Although US president Barack Obama identified Turkey-US relations in 2008 as representative of a “model partnership”, the tension between the two countries is significant, at present, mostly due to the Syrian crises but particularly because of the US discourse on and policies towards the PYD, the PKK’s Syria branch.
In the larger, regional dimension, Turkey should reinforce its relations with local actors in Syria and Iraq.
The terror attacks against the United States of America on September 11th 2001 and the following wars in the Middle East (Afghanistan, Iraq and, more recently, Syria) have proven that, far from ending, history is “alive and well” and accelerating on a dangerously unpredictable path.
And coming to our last question, what is your prospect for future where the position of “oppositional” German media is in sharp contrast to Turkish government or critical and revisionist outlook is predominating? It depends on certain issues like the outcome of the Syrian refugee crises or the handling of the EU-Turkish accord.
They have confronted each other in Iraq, Bahrain, Lebanon, Yemen, and now in Syria where they have been engaged in proxy battles for many years.
Therefore, the argument that the rebuilding project for Sur envisions a change to its demographic structure by allowing and encouraging non-Kurds, especially Arabs, (possibly Syrian emigrants) politically unsympathetic to Kurdish nationalists to occupy the district has no relevance whatsoever.
The Problem's Background The visa issue has been put back on the table because of the migrant crisis that erupted as a side effect of the Syrian Civil War.
Against the background of such friendly exchanges between the two neighbors, however, relations have been strained due to the fact that both countries have been at odds on a number of issues in the Middle East, namely Iran's support for the Syrian dictator Bashar al-Assad, Iran’s only ally in the Middle East, who could seriously endanger Turkey’s influence in the region.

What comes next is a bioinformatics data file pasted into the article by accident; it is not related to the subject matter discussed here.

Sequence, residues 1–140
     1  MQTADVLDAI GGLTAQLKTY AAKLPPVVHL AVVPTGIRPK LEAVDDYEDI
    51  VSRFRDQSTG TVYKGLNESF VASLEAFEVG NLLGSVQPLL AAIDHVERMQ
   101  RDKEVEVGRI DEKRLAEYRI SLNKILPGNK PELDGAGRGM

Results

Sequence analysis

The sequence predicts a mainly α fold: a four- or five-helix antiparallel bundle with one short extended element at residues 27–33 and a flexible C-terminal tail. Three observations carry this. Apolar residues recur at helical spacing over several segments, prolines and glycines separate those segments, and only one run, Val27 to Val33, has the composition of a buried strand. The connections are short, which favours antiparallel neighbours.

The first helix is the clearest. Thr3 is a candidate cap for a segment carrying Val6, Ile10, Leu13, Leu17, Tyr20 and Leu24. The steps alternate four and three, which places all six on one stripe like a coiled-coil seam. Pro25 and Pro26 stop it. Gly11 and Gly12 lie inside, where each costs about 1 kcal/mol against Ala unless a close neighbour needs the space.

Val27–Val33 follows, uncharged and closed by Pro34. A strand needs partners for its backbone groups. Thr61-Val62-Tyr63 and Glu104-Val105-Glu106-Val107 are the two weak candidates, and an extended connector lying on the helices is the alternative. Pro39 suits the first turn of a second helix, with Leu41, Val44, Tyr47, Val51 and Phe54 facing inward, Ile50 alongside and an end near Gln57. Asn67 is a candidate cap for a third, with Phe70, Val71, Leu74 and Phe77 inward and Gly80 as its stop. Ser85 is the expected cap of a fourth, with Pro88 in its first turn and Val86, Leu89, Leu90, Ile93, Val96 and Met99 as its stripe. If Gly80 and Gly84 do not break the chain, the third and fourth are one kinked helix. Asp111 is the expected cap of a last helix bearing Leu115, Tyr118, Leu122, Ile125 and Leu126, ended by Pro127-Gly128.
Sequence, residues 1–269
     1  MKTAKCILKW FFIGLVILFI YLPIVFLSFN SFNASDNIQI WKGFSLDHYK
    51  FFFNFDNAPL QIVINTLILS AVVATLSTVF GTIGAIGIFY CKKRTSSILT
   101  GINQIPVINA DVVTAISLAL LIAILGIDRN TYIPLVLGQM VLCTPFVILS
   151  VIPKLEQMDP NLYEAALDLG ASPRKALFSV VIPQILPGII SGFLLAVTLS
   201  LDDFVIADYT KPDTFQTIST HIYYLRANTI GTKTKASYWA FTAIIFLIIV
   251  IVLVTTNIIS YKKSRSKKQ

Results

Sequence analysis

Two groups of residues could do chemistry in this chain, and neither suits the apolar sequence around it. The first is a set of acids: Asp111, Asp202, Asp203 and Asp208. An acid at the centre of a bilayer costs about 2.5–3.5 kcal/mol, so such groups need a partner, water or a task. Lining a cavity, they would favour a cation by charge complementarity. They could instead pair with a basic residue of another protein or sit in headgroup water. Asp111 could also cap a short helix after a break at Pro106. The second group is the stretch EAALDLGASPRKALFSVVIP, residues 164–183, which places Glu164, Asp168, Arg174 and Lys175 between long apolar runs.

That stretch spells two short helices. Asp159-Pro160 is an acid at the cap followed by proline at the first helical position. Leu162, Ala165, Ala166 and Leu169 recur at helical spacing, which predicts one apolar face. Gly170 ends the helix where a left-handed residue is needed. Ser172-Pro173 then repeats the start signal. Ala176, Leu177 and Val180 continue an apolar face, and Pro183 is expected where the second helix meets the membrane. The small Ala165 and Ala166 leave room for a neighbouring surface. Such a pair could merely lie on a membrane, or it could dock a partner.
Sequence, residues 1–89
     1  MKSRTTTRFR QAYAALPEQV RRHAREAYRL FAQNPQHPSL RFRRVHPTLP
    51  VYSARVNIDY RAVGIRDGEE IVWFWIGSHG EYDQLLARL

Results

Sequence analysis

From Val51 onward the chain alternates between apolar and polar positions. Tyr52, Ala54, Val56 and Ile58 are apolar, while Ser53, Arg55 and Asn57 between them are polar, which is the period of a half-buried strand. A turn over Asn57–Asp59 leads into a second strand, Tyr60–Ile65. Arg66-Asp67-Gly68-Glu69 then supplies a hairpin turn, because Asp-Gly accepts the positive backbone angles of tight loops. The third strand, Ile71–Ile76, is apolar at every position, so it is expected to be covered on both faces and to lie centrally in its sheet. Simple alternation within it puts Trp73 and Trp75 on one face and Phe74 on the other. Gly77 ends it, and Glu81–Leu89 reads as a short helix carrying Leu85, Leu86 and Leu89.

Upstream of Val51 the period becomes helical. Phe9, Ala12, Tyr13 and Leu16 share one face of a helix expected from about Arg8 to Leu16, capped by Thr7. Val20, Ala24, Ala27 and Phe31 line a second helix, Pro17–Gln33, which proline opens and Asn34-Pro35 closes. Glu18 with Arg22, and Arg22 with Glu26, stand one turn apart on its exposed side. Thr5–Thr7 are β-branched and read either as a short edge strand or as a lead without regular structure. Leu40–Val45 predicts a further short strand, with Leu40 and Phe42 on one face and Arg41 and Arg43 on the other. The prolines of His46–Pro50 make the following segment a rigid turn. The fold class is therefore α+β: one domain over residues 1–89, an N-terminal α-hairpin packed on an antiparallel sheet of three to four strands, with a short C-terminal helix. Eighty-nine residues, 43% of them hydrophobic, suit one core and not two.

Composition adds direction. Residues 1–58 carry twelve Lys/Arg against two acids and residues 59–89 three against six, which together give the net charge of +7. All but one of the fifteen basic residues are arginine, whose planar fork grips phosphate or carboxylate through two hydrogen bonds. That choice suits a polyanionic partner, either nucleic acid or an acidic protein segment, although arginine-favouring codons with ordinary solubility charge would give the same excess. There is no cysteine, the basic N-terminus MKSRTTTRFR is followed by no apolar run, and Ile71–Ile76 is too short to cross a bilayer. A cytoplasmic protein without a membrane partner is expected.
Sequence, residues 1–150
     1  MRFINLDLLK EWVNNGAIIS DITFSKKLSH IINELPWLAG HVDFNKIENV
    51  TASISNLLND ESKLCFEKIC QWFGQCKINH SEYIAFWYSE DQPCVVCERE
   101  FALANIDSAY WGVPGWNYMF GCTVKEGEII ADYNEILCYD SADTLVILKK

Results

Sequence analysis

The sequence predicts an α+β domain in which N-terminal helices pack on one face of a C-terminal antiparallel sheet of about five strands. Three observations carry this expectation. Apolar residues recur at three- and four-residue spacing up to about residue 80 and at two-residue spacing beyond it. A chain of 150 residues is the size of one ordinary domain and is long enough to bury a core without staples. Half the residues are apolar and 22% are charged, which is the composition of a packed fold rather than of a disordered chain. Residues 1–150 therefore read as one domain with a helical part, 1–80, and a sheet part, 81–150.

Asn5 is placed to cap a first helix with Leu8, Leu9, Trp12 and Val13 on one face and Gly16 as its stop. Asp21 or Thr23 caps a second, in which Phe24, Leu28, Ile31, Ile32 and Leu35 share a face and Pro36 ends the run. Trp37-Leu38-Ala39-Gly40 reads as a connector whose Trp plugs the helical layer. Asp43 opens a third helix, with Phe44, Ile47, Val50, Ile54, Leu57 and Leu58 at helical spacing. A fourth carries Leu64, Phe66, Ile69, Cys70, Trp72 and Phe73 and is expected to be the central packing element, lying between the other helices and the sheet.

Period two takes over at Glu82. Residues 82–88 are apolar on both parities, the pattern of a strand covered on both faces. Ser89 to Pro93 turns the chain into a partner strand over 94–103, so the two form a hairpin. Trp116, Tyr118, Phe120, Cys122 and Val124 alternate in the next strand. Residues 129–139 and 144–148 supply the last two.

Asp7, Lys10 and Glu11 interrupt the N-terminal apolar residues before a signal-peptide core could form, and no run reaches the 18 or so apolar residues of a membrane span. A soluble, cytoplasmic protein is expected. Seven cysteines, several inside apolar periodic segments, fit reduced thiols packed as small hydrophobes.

The adaptation of a multidimensional foreign policy had increased Turkey’s economic cooperation with its neighbor countries (Russia, Syria, Iraq and Iran).
Eventually, the newly created Iraq and Jordan, alongside Palestine were put under British rule, whereas Syria and the newly created Lebanon (and parts of southern Anatolia) were given to the French.
For instance, the US and Russia initiated a secret negotiation process to try to manage the Syrian Crisis by excluding related regional states such as Iran, Turkey and Saudi Arabia.
Syria, Iraq, Lebanon and Yemen seem to be failed projects in terms of state-making and maintenance, as the mismatches between the social fabrics and the political structures of these political entities has generated deep grievances over the century.
Riyadh is one of Turkey’s most important allies in some of Ankara’s foreign policy actions, particularly in Syria and Iraq, and more broadly in its competition with Iran.
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Since then, the situation in Idlib has relatively calmed down and the joint Syrian-Turkish military operation against the YPG has redirected the focus of the world to northeast Syria.
They target not only the issue of representativeness, but also the Security Council’s failure to respond effectively to humanitarian crises like the recent debacle in Syria.